Wichita Mountains Wildlife Refuge, OK

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#1)  Wichita Mountains Wildlife Refuge, OK

Postby tsharp » Mon Jan 28, 2013 10:10 pm

NTS:
On the way back from our Arizona sojourn Susan and I stopped and camped at the Wichita Mountains Wildlife Refuge near Lawton, Oklahoma.
This 50,000 acre refuge features restocked herds of Plains Buffalo, Rocky Mountain Elk and Longhorn Cattle. The native Elk used to be the Merriman’s subspecies until they became extinct. The Longhorns are maintained for historical and cultural reasons. 22,000 acres of the refuge are open to the public. A permit is required to visit he 8,000+ acre Charon Gardens Wilderness Area within the refuge.  
Of interest was the typical vegetation of the Cross Timbers region. Extensive grass lands interspersed with oak dominated woodlands in the rocky areas. From casual observation it appeared to be about a 50/50 mix of grass lands and woodlands. Post and Blackjack Oak dominated with a fair amount of Eastern Redcedar in some areas. It was amazing to me to see three common eastern species so far west.
The largest of three species measured are as follows:
Post OaK (Quercus stellata) 7.8’ x 44.3’
Black Jack Oak (Quercus marilandica) 2.5’ x 33.5’, 3.7’ x 31.2’
Eastern Redcedar (Juniperus virginiana ) 3.6’ x 35.7’
Apparently since the era of fire suppression the incidence of Eastern Redcedar has greatly increased. There was an obvious Redcedar plantation encountered. The first I have ever seen and I wonder what precipitated that effort. I did not measure any trees in that plantation.  
For more information about the refuge see:

http://www.fws.gov/refuge/Wichita_Mountains/

For more information about the Cross Timbers check out the field trip reports under Oklahoma.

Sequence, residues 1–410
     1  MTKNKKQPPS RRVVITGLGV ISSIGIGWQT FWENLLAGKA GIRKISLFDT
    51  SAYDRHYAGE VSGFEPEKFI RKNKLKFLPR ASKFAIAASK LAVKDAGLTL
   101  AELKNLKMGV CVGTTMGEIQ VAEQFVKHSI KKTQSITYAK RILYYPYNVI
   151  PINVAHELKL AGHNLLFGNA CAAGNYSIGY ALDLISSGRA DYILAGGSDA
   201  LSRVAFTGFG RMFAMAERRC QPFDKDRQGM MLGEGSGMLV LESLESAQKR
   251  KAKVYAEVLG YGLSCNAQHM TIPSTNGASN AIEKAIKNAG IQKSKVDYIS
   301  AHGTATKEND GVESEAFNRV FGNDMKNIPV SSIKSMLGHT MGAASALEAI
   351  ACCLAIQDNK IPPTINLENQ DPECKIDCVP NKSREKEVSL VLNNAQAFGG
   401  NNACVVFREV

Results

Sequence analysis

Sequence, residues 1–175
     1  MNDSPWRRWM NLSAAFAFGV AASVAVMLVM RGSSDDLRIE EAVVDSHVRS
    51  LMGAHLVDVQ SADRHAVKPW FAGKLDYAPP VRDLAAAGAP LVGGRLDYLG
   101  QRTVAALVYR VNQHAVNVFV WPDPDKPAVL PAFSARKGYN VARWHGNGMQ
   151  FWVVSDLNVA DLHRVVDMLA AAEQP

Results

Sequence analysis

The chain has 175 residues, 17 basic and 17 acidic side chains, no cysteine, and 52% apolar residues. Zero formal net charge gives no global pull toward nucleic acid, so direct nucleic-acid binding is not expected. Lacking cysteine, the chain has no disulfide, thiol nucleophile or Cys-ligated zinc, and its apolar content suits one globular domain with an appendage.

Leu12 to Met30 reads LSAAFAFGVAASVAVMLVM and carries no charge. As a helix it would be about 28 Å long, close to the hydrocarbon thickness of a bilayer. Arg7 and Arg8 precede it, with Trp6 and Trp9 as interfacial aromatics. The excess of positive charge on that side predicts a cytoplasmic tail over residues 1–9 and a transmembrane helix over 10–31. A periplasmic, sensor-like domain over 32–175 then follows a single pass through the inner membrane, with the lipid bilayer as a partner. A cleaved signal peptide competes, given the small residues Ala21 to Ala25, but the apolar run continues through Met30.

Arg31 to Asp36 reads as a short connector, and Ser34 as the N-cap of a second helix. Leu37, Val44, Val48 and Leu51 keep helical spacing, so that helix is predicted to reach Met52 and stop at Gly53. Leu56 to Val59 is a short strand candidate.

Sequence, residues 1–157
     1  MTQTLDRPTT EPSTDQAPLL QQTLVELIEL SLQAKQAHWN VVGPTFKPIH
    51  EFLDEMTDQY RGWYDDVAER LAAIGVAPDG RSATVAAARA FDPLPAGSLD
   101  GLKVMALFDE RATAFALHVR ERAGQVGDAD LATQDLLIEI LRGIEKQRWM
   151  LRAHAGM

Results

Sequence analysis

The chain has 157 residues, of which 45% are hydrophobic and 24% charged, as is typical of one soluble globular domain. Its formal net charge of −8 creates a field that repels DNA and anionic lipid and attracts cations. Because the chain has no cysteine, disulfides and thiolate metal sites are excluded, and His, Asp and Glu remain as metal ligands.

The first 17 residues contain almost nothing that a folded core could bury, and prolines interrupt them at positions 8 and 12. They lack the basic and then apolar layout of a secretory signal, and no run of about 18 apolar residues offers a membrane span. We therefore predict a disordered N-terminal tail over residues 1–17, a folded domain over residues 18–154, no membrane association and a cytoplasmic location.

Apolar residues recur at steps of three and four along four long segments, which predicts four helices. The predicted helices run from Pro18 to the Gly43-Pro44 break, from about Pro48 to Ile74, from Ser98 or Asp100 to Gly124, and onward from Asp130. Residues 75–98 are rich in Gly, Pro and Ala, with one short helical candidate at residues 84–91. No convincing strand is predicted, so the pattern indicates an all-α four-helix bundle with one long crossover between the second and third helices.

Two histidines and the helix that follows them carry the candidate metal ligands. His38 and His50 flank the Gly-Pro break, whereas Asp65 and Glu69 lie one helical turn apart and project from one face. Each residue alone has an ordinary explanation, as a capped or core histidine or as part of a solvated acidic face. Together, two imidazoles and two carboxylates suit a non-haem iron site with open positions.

When in the area a not to be missed restaurant is one in Meers specializing in Longhorn steaks and burgers. The “town” of Meers is north of the refuge and is a former mining community. The restaurant looks like several old buildings were saved by cobbling them together to make an area big enough to seat fairly large clientele.

http://www.meersstore.com

For this message the author tsharp has received Likes - 4:
Chris, edfrank, ElijahW, Will Blozan
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#2)  Re: Wichita Mountains Wildlife Refuge

Postby Chris » Tue Jan 29, 2013 1:57 am

Nice! I have always wanted to visited the Wichita Mountains.
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#3)  Re: Wichita Mountains Wildlife Refuge

Postby jamesrobertsmith » Tue Jan 29, 2013 5:39 am

Oh, man! Those funky little granite mountains have been on my must-see list for years! As soon as I can find the time I want to pull my travel trailer out there to go hiking there. Right near the top is the Charon Gardens Wilderness.
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#4)  Re: Wichita Mountains Wildlife Refuge

Postby dbhguru » Tue Jan 29, 2013 9:52 am

Turner, Robert, Chris, et al.

   Interesting area. Monica and I visited it several years ago. The mountains (hills) are of volcanic origin. Black Mesa is Oklahoma's highest point. The lava formation continues on over into New Mexico where it becomes much more dramatic. Capulin National Monument, NM is the most scenic single feature of the region with a good road. The area in western Oklahoma and eastern new Mexico has been horribly over-grazed.

Bob
Robert T. Leverett
Co-founder and Executive Director
Native Native Tree Society
Co-founder and President
Friends of Mohawk Trail State Forest
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#5)  Re: Wichita Mountains Wildlife Refuge, OK

Postby edfrank » Sun Feb 03, 2013 10:43 am

Turner,

Very nice trip report.  I like reading about new places and your adventures.  

               
                       
wichita.GIF
                                       
               


There was typo in your address for Meers Store above that I fixed.  

               
                       
meers.GIF
                                               
meers.GIF (145.6 KiB) Viewed 2254 times
               
               

http://www.meersstore.com/
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